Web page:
This year is a year of improvement.
In each month of 2018 we are exploring a different area of life and figuring out the best ways to improve it.
In January, we looked at life planning and how best to look at what we want out of life in the big picture. Then we looked at the basics of personal finance in February.
For March, we will be exploring time management.
Find Your Starting Place
As we learned when exploring life planning, the first step in any plan is figuring out where we are.
This is why we started in personal finance by tracking all of our money and getting a record of where every dollar was going.
The same is true with time.
If we want to improve the way we spend our time, we first need to have an accurate picture of how we’re spending it now.
This means that we need to create a time log.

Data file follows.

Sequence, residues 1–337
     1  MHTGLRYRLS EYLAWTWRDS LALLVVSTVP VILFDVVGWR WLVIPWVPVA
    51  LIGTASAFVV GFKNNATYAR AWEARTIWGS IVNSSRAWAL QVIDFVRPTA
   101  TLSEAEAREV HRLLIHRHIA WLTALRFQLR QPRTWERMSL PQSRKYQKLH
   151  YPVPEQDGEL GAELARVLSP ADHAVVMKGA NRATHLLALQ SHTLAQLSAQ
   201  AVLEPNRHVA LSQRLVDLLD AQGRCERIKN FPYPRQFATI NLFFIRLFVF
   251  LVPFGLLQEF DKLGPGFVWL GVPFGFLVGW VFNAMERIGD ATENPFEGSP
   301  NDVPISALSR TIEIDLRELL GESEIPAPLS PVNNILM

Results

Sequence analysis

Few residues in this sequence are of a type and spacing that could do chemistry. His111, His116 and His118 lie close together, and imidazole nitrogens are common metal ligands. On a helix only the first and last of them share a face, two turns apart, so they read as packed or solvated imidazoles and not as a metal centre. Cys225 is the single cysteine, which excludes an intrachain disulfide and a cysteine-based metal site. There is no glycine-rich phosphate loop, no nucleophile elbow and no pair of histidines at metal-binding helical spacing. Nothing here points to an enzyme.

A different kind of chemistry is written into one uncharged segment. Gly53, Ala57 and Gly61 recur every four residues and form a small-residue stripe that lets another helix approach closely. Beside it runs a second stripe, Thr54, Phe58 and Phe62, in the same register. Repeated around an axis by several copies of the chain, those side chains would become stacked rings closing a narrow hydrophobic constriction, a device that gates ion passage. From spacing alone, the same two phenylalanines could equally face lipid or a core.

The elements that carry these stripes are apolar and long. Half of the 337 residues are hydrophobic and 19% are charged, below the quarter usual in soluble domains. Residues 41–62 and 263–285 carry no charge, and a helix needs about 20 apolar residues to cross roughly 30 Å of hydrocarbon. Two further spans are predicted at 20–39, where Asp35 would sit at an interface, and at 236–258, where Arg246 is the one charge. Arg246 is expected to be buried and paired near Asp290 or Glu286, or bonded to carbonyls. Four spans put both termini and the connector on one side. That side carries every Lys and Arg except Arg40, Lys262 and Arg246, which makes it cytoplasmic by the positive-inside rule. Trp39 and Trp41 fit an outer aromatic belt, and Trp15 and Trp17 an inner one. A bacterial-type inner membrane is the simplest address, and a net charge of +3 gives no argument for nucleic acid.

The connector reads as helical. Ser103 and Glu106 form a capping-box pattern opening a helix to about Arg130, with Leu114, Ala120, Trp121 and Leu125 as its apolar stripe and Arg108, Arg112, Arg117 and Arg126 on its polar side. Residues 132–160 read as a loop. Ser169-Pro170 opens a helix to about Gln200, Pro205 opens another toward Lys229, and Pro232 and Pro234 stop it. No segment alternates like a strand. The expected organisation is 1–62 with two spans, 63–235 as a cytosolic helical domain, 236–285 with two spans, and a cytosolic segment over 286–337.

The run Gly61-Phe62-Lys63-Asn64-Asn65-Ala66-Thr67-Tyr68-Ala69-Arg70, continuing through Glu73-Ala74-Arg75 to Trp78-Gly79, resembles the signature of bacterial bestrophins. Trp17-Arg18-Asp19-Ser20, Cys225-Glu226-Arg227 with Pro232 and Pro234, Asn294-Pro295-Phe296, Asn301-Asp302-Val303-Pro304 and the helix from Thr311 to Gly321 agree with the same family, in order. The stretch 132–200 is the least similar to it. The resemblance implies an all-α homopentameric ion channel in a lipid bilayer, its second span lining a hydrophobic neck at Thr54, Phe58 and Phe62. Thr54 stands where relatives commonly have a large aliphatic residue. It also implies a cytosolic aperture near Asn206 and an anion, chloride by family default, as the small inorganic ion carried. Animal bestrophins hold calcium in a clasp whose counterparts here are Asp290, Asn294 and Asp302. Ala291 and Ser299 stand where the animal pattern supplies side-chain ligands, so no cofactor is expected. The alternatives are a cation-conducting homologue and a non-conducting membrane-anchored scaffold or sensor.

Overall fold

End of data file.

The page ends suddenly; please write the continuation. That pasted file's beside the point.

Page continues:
From 168 Hours to 15 Minutes
The basics of a time log are pretty simple: you write down how you spend your time.
There are plenty of different ways to do this, but I prefer the spreadsheet created by Laura Vanderkam for her book 168 Hours.
Vanderkam asks you to track how you spend your time in 15 minute increments for a week.
While this sounds difficult and frustrating, it actually isn’t that hard. It only takes a couple seconds to fill in the box and you get used to it quickly.
Clocking Your Hours
I recommend printing out a hard copy of the spreadsheet, folding it up, and keeping it in your pocket. The physical presence of the paper will help remind you to do your tracking.
I take the paper out and put it on my desk next to my monitor when I get to work and put it on my nightstand with my phone when I go to bed so that I can’t forget it in the morning.
That said, you will miss some things. It happens.
I’ve done a week of tracking five different times now, and there are always blocks of time that I am guessing at after the fact.
Try to keep them to a minimum, but don’t stress out when they happen. There are 168 hours in a week. You don’t need to nail every one of them exactly for this to be a useful exercise.
As Much Detail As You Want
Ultimately, this exercise is for your own benefit. To that end, use however much detail is useful to you.